• Once the Senate passes the legislation we anticipate it will be approved by unanimous consent. However, it is unclear how the House will pass it, though there are a number of options, including:
    • Unanimous Consent – this is the preferred option as it would not require Members to travel back to Washington, DC. However, this would fail if even one of the 435 Members of the House object.
    • Voice Vote – this would be the next option as a voice vote only requires a quorum of Members to be present. This would allow for only the Members who are either still in Washington, DC or whose districts are close to Washington, DC to have to return.
    • Recorded Vote – this would require all Members wishing to vote to return and would likely mean that voting would be staggered so Members could vote in smaller groups and not have to be present in large groups. This is the least likely option.
  • 20 House Democrats urged the President to issue a national shelter in place order over COVID-19 in a letter led by Rep. Ro Khanna (D-CA).


  • The Administration has decided that it will not activate the Defense Production Act to obtain medical equipment needed to fight COVID-19.
  • The Department of Education has halted its collection on defaulted student loans amid COVID-19.
  • The Transportation Security Administration has announced that 331,431 passengers traveled through checkpoints on Tuesday, more than 2 million less than the same weekday in 2019 and 1.5 million less than just three weeks ago.
  • The Federal Motor Carrier Safety Administration announced on Tuesday that drivers whose commercial licenses or medical cards recently expired, or expire soon, can keep using those documents until at least June due to state DMV closures.
  • The Federal Aviation Administration continues to see the effects of COVID-19 at airport towers and centers that oversee large amounts of airspace – workers at almost a dozen facilities from Las Vegas to New York have tested positive thus far.
  • The State Department issued a statement yesterday that it has successfully repatriated more than 9,000 Americans from 28 countries since the COVID-19 pandemic began.

Other News

  • The latest International Air Transport Association numbers estimate that the passenger revenue loss for airlines globally is $252 billion.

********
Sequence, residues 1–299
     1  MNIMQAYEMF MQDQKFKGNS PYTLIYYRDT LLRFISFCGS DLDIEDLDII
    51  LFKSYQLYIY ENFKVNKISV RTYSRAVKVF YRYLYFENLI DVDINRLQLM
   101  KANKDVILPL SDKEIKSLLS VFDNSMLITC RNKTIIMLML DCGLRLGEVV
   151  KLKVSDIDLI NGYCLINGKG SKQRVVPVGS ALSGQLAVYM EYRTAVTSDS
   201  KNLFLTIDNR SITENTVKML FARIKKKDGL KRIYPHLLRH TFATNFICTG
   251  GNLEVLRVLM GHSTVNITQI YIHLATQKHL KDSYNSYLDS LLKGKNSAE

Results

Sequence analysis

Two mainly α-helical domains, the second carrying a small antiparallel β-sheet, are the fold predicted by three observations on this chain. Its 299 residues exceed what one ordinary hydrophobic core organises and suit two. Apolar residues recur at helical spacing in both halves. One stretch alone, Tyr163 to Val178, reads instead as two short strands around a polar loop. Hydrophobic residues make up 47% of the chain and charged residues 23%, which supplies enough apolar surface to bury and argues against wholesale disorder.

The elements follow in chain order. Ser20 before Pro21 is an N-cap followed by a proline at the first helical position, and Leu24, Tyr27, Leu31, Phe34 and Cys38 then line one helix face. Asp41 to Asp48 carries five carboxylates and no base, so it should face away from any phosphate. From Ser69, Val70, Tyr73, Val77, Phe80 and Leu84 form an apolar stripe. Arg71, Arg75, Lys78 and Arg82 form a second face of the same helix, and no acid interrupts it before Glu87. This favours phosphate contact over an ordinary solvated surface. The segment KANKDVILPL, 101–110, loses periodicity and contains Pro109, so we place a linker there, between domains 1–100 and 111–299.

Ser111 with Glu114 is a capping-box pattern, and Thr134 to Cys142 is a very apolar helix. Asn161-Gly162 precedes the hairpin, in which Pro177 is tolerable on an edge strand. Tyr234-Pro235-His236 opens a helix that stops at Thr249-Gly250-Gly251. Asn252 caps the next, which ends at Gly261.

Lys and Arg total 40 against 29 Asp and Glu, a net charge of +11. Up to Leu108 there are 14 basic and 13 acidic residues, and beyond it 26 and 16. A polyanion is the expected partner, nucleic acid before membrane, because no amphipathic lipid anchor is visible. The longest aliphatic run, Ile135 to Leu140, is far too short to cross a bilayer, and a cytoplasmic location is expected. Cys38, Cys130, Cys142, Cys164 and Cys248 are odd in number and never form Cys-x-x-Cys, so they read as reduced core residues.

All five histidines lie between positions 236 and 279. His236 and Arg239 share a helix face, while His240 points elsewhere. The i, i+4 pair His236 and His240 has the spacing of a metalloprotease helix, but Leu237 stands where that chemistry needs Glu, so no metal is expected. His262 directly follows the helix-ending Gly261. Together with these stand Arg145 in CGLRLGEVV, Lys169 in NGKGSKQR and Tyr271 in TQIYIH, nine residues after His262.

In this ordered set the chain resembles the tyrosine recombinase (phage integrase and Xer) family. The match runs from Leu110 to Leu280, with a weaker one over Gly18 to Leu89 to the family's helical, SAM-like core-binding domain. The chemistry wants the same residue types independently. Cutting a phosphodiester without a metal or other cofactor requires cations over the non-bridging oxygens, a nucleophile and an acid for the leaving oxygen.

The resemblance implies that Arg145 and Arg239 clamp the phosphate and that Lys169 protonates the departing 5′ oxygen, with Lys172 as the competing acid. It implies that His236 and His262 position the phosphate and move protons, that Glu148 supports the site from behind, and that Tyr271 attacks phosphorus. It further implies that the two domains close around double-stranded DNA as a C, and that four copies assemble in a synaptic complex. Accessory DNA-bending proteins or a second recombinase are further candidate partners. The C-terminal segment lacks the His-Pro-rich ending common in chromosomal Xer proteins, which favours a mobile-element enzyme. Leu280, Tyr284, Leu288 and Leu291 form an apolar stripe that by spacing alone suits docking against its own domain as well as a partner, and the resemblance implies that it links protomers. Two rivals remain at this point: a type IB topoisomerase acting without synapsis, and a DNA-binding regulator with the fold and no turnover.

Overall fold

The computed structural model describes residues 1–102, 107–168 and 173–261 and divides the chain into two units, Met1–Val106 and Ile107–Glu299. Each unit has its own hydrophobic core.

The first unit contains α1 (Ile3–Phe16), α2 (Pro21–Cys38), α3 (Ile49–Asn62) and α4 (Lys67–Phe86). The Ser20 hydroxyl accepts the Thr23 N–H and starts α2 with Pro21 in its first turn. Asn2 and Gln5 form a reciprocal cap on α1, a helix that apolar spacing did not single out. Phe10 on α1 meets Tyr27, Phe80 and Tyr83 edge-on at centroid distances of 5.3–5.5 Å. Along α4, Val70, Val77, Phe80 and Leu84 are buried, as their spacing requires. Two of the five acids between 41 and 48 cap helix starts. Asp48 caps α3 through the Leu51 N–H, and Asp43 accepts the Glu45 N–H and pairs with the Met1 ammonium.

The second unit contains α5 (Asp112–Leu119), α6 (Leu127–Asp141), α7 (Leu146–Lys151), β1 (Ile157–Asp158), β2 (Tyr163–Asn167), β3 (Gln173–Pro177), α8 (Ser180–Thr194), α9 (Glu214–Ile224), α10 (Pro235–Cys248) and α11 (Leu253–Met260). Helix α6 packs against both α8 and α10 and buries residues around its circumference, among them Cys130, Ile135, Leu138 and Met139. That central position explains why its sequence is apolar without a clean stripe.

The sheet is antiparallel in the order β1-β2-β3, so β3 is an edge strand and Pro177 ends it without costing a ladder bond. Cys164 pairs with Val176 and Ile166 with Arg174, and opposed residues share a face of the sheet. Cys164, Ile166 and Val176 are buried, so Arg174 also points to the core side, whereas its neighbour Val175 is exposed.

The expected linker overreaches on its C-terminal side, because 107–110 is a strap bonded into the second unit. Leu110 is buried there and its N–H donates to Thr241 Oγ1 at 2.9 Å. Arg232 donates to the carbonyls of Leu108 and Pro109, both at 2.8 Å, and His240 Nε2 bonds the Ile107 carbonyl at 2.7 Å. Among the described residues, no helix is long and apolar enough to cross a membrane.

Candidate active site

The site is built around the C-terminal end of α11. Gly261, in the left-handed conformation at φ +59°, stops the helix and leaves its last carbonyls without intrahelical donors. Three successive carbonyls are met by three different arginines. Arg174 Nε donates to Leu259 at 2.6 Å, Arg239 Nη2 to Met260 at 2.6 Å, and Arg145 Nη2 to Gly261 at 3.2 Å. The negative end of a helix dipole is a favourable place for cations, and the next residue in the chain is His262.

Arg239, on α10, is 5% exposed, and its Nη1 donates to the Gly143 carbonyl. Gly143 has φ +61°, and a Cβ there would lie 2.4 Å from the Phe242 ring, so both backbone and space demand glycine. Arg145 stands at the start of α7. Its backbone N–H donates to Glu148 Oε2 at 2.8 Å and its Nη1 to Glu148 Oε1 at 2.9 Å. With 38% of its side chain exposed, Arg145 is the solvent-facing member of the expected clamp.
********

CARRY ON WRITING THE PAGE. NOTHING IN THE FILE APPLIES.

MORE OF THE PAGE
• The flight to return stranded Americans home from Peru was canceled yesterday. Negotiations are ongoing over landing permissions for another flight, operated by American Airlines, to bring Americans home from Lima.
  • Reports indicate that an Amtrak police officer at New York’s Penn Station has tested positive for COVID-19.
  • Boeing has told some of its suppliers to stop deliveries immediately due to COVID-19.
  • Canadian Airline WestJet has announced that it will lose nearly half its workforce amid the COVID-19 pandemic.
  • New York’s MTA, the largest transit system in the nation, saw 800 train delays yesterday due to crew shortages as a result of COVID-19. 52 of MTA’s 70,000 employees have tested positive for COVID-19.
  • New York Governor Andrew Cuomo has announced that more than 20,000 New Yorkers have been infected by COVID-19, accounting for 5 percent of cases worldwide.
    • The Governor has already announced a stay-at-home order and has also announced an emergency order mandating that all hospitals in the state increase their capacities by at least 50 percent to accommodate the growing number of COVID-19 patients.
    • The Governor also shared that he was signing an Executive Order that would recommend all registered nurses enlist to fight COVID-19.
    • The Governor stated that the state is sending millions of N-95 masks to New York City and Long Island over the next few days – he did also call on the President to activate the Defense Production Act as well, which as stated above, the President has decided not to do.